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Google Ad Automation Adoption Rates Rising, Marketers Unhappy With Recommendations

PPCsurvey.com recently released a new global PPC State Report 2022. It includes input from over 500 PPC professionals from around the world.The result

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PPCsurvey.com recently released a new global PPC State Report 2022. It includes input from over 500 PPC professionals from around the world.

The results cover search marketers’ biggest concerns, top priorities, spend data, automation insights, and a wealth of information about the most pressing trends in paid search.

Below is a breakdown of some of the biggest results.

High adoption rate of automation in Google Ads. Two eye-opening metrics in the survey:

  • 97% of respondents use responsive search ads.
  • 95% have implemented smart bidding (tCPA).

Most surprisingly, 78% of respondents used automatic recommendations.

The time has passed when advertisers were able to compete without adopting automation.

Automation adoption is high, but marketer satisfaction is mixed. The least satisfactory automation, according to respondents, were the automatically applied recommendations.

  • 83% of respondents reported that they were not satisfied with the “Automatically applied recommendations” feature.

Another surprise came from one of Google’s biggest pushes lately: the Recommendations tab. Sentiments toward recommendations were 63% negative, according to PPCsurvey.com.

Why so negative? Top complaints about this feature include a “one-size-fits-all approach” and “clear push for smart bidding, broad matching and over budgeting”.

Respondents were more satisfied with the other automation.

  • 51% of search marketers reported being satisfied with scripts.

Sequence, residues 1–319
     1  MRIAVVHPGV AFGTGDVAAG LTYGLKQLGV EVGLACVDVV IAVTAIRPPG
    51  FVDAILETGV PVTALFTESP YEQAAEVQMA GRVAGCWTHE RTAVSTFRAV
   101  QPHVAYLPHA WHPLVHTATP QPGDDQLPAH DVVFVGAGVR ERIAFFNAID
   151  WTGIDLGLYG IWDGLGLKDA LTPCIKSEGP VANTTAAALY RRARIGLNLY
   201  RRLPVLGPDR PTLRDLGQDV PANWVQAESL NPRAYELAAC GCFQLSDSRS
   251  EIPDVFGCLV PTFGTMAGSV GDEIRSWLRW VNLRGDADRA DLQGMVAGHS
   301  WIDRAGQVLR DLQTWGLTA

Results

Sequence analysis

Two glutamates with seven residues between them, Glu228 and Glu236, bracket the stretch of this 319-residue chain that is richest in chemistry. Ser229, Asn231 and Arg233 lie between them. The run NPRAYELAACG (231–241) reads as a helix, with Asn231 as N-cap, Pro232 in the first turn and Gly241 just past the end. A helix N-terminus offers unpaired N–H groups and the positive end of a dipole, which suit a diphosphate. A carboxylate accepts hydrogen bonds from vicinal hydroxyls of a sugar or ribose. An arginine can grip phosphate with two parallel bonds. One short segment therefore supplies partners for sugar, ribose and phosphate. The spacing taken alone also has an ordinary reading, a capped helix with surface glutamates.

• 48% said they are satisfied with tROAS Smart Bidding.
  • 47% of respondents were satisfied with Target CPA Smart Bidding.

Most urgent priorities for PPC professionals. What are their clients’ top priorities? Some new concerns have emerged this year.

  • priority 1: Improve goal setting beyond traditional metrics (eg conversions and revenue). This includes considering margin, including new customers versus traditional customers and lifelong value (LTV), with 62% of respondents stating this was a top priority.
  • Priority #2: Tracking improvements, including concerns about no cookies, GA4 and server-side tags, came in second with 56%.

Unsatisfactory score for Optiscore. Google now requires Google partners to maintain a 70% Optiscore, PPCsurvey.com took a look at the metric’s satisfaction levels. Respondents could rate from 1-10 and the results were converted into a Net Promoter Score (NPS) to measure the number of participants they recommend.

Only 15% of respondents rate Optiscore high with 41% of respondents considering Optiscore high as critics of the account.

Using the NPS methodology, this would give a high Optiscore an overall negative NPS of -26, which is a highly undesirable score.

  • You can download the full report (PDF) here. It includes more information including global annual ad spend, ad platform adoption, time consuming activities, top challenges for agencies and much more.

Why do we care. While automation adoption is a big deal, satisfaction is a mixed bag. Some of the notable features include smart quotes and scripts, but the recommendations lead to high dissatisfaction.

Additionally, practitioners are not a fan of having a high Optiscore, considering it more critical than positive. If you rely on these scores and use these metrics as a measure of account health, you are going against the collective thinking of the PPC experts who participated in this survey.

Finally, advertisers are looking for better performance tracking. People outside of simple conversions are looking for more meaningful performance data while also discovering better tracking options as ad and analytics platforms change.


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About the author

Greg Finn is the Director of Marketing for Cypress North, a company that offers digital marketing and web development. He is the co-host of Marketing O’Clock and has been in the digital marketing field for nearly 20 years. You can also find Greg on Twitter (Tweet embed) or LinkedIn.

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